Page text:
Never mind pod racing, FPV racing is quickly gaining a following around the world - although it is probably one of the world's most challenging sports to view from a spectator perspective.
Internationally the Drone Racing League is setting up to become an official sport - planning to release edited footage after races rather than a live feed.
The Drone Racing League brings the world's best pilots together to fly "DRL Racer 2" quadcopters head-to-head through new neon-lit race courses. You can find all of the full races, crashes, and competition on www.thedroneracingleague.com
In New Zealand, RotorCross competitions have been running around the country, via the New Zealand FPV Racing League.
RotorCrossNZ is split into 3 areas, top of the North Island, Bottom of he North Island, and the South Island.
Race length is adjusted to be close to 2 ½ minutes, and a number of laps to get close to this target is determined by the C.D. before the start of the rounds.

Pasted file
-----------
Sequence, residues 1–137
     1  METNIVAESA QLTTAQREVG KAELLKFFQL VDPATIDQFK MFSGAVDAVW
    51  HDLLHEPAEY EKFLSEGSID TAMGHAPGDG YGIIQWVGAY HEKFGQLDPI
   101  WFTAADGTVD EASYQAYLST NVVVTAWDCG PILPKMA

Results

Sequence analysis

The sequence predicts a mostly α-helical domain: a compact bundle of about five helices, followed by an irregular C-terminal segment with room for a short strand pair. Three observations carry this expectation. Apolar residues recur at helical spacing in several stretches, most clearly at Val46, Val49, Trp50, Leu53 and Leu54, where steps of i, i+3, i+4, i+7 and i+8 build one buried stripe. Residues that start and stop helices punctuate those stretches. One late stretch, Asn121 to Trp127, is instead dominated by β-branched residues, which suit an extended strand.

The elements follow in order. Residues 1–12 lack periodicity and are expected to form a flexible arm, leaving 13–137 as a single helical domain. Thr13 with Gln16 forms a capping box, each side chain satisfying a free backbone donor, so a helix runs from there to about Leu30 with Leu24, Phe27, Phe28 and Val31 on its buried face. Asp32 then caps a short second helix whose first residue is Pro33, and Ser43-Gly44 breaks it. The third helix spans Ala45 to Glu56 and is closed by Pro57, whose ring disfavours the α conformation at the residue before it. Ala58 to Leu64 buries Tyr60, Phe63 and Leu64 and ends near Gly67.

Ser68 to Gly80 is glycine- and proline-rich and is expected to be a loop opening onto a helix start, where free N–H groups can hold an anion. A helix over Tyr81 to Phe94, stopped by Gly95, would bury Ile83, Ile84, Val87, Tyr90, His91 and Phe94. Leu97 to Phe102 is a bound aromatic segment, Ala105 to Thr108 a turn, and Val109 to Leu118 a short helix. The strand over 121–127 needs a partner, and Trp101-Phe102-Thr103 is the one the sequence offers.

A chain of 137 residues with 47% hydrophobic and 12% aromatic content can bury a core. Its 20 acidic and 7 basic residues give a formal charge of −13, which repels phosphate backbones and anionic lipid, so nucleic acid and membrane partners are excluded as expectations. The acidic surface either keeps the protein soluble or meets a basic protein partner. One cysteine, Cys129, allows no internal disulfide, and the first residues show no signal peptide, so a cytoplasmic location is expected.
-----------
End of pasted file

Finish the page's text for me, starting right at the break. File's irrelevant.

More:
The course consists of a start/finish line, a number of corners, a slalom area and 1 or 2 flyunders to create a “flowing” course that promotes smooth, competitive flying, and allows the maximum number of pilots to complete (too many obstacles results in DNF’s).
The Start/Finish line will be directly opposite the pilots, with the closest part of the track at a minimum of 12 metres away.
Missing an obstacle, flag, or cutting a corner, you must stop forward flight, and perform a stationary 360 deg turn in the air. Failure to do this can result in a disqualification for that race. Missing 3 obstacles in a race can result in a disqualification.
All flying is done with spotters, looking over the course for any dangers, members of public, animals, other model fliers, low flying aircraft. Pilots are expected to help with spotting for the heat before their race. Spotters stand in the pilot area.
The sport is still in it's early days here, but look out for developments around New Zealand and internationally - this is definitely one to watch.